I'm Nancy McMicken and I lost my forever 37 year old son, Jamie, on June 15, 2019. I remember the day vividly. I had just got to Water Country USA with my two sisters, Dori and Cyndi, with Cyndi's husband and kids. It was supposed to be a great day. I was in the restroom changing into my swim suit when my sister, Cyndi, came into the room and said my phone had been ringing. I had left it outside with her. When I got out there, I saw that my son, Michael, had called. He had also texted me, saying "Call me as soon as possible, with a "911". I called him immediately and he said that he was on his way to Jamie's condo. His dad was there and saw Jamie lying on the floor. Hid dad had tried to call him several times with no response, so he went to his house. Jamie wouldn't answer the door, so his Dad walked around to where there is a big window to see if he could see him. And, there he was lying on the floor. He immediately called 911 and then called Michael. Michael told me that his dad said Jamie looked dead. Neither of us believed that right then, and Michael and I talked about meeting at the hospital as soon as he found out where they would take Jamie. I was about an hour and half away. I was in a state of shock and couldn't find my way out of the park, so I had to ask for directions. When I got to my car, I prayed that God would enable me to stay calm and drive safely. He answered my prayer. My mind went totally blank and I just concentrated on my driving. After about 45 minutes of driving, Michael called me back to see how far I was. The police wanted to wait for me before going in to secure the scene and start their investigation. I asked what hospital Jamie was at and Michael said he wasn't going to the hospital. He was still there. So, "he is dead", I had to ask. And, Michael said "yes". I knew I was still 45 minutes away, so I told him to go ahead and give the police permisssion to start. This meant that I would not be able to go in and see Jamie when I arrived. My husband was working the night shift and was asleep. So, I didn't call him right away. I waited until I was about 20 minutes from the house and then called him. There was no hurry now, so I picked him up and we went to Jamie's condo. Jamie's dad, Lloyd, was there with my son, Michael, his wife Rachel, and my grandson, Archer. Jamie's service dog, Glaze was also there. He kept trying to go back into the condo. At that point, there was nothing anyone could do. We also just stood there, hugged, and cried.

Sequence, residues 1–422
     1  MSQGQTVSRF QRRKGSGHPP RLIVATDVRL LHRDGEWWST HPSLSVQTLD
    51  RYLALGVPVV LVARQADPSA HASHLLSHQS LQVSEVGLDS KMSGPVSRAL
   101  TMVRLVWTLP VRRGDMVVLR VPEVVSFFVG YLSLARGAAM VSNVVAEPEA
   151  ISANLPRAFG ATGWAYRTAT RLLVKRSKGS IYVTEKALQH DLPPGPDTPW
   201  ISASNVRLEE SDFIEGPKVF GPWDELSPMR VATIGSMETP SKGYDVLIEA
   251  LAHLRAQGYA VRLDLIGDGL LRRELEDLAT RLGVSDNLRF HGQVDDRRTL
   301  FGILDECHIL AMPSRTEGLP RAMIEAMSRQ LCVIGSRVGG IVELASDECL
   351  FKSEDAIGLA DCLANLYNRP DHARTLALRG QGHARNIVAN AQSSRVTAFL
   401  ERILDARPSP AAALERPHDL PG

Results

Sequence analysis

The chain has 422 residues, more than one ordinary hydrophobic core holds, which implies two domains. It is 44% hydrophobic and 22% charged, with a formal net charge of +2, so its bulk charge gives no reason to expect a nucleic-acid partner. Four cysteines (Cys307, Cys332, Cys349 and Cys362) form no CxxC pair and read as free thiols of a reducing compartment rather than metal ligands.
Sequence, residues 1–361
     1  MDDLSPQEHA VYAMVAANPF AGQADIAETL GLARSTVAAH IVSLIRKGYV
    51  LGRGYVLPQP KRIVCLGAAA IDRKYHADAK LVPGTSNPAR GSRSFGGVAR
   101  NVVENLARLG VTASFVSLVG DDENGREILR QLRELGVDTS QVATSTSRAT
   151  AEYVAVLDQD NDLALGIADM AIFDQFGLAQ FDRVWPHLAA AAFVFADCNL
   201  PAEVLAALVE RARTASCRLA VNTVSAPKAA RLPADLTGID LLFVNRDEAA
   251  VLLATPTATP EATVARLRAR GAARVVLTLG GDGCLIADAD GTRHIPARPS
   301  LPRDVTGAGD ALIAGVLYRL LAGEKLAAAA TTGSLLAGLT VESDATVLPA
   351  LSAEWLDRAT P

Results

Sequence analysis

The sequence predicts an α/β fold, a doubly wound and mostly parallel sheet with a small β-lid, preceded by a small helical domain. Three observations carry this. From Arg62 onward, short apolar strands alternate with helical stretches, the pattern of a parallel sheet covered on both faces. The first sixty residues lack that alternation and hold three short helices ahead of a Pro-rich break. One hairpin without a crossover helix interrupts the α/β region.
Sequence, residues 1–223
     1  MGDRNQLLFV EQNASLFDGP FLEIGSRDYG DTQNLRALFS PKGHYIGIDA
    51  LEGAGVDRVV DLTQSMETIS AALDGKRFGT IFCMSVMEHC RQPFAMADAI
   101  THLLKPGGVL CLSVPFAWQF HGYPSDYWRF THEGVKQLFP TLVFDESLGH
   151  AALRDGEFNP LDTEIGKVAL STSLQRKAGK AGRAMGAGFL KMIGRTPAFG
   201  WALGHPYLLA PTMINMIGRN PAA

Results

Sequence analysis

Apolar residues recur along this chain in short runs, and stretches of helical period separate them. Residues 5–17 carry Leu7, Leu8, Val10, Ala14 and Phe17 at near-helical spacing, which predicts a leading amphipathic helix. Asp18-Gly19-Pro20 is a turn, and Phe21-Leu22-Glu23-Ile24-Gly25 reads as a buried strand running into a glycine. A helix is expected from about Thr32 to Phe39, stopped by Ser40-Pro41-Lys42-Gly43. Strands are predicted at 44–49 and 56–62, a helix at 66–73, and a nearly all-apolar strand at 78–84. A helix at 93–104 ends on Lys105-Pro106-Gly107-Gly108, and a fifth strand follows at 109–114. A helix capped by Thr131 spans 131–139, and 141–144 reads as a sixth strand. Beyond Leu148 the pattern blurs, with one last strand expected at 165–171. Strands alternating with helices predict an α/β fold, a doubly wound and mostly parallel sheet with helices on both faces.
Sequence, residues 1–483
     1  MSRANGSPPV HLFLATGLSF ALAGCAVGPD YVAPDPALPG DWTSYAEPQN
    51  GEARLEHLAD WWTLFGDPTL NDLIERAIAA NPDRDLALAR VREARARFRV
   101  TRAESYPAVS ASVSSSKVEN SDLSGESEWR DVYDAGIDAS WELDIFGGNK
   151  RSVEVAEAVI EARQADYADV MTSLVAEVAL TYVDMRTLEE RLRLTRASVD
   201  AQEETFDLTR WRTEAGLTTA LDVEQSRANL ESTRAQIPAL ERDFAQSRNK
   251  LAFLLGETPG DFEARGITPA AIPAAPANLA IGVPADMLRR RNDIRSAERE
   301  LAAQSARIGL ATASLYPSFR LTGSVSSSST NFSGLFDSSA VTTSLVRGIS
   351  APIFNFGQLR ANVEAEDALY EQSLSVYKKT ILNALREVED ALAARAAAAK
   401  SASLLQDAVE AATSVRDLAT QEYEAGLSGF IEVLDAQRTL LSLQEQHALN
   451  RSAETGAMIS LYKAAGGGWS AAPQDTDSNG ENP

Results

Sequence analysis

We suspected that Jamie had died from an epileptic seizure and that was confirmed with the autopsy report four months later. He had ran out of a certain medication, and had been trying to get a refill for the past week. For some reason, his doctor was not responding. I found out later that Jamie had been having a lot of seizures that week. He had told his friends, but not his family. He friends obviously didn't understand the seriousness of it. I guess Jamie didn't, either. Because he didn't try to get help. There are a lot of "should've, would've, and could'ves" that run through my mind. But dwelling on those do not help me, and they can't help Jamie, now. I just have to live one day at a time and try to heal.